Calls for federal probe into Metro's use of force
LAS VEGAS (KTNV) -- The NAACP and ACLU of Nevada are calling for a federal probe into what they call a pattern of excessive use of force by the Las Vegas Metropolitan Police Department.
These calls are being sparked by Monday's police shooting that killed a 43-year-old Gulf War veteran behind the wheel of his car in a Las Vegas condominium complex.
Stanley Lavon Gibson was suspected of burglary but was unarmed and wedged between two patrol cars. After a 30 minute standoff, one officer fired several rounds into the car.
"Something went very, very wrong and it is not a situation that surprised too many people," says Allen Lichtenstein, general council for the ACLU of Nevada. "The number of police involved shootings and deaths is inordinately high for a city of this size."
Gibson's slaying was the 12th fatal police shooting by a Metro officer this year making 2011 the department's deadliest year ever.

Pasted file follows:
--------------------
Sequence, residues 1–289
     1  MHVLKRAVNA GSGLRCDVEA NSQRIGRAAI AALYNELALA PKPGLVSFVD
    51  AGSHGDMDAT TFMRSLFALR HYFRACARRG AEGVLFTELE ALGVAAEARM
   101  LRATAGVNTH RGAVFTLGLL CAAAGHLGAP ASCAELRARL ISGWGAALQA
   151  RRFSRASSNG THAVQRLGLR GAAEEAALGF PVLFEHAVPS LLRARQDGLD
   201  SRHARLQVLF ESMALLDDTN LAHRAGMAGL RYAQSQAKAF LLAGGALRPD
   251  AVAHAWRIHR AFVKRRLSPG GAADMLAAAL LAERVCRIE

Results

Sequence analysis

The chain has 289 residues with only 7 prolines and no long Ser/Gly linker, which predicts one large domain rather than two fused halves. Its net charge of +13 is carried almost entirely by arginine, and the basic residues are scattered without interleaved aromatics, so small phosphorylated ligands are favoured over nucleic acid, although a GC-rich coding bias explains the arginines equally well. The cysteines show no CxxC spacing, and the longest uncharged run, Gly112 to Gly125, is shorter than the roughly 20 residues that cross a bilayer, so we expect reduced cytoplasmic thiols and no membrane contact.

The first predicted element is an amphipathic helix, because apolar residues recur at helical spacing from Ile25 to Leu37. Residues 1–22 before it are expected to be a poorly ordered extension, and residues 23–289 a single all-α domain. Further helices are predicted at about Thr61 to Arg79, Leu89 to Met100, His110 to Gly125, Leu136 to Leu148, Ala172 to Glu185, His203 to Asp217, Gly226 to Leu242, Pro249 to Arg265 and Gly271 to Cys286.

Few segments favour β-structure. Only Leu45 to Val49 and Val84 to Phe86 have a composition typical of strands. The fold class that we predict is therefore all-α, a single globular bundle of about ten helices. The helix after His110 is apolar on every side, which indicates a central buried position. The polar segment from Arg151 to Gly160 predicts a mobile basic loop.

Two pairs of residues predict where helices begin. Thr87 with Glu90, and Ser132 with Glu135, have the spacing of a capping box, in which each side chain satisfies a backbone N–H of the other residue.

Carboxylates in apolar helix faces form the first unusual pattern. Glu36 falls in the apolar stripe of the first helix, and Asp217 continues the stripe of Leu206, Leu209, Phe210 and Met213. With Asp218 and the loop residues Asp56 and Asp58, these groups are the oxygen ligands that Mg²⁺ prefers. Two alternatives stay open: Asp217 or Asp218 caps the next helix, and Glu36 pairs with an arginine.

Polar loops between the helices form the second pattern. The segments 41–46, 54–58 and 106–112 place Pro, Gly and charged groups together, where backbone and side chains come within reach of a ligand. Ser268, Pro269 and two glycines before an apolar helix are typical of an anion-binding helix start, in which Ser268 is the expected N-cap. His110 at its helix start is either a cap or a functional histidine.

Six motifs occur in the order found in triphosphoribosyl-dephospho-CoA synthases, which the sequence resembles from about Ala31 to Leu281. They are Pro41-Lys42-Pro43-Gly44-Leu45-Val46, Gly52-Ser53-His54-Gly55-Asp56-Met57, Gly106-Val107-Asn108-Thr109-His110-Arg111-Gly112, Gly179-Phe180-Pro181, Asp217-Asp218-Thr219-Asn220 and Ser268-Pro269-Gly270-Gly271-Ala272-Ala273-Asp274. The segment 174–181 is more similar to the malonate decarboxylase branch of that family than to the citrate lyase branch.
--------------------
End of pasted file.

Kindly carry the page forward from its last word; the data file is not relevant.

Following Monday morning's slaying, Sheriff Douglas Gillespie pleaded for patience from the public and promised a thorough internal investigation.
Other cases have sparked public outcry including the March beating of Mitchell Crooks, who was simply video taping officers on a call.
"Police officers seem to not know how to handle these kind of situations," says Lichtenstein. "They apparently have not received enough training, they have not gotten the proper supervision and the protocols aren't there."
Metro Police tell Action News they are aware of the calls for a federal investigation into their use of force and have no comment.
"No one is really holding Metro accountable," says Lichtenstein. "They are investigating themselves and that doesn't work."
The Department of Justice is currently conducting similar use of force probes in other cities including Miami, FL and Portland, OR.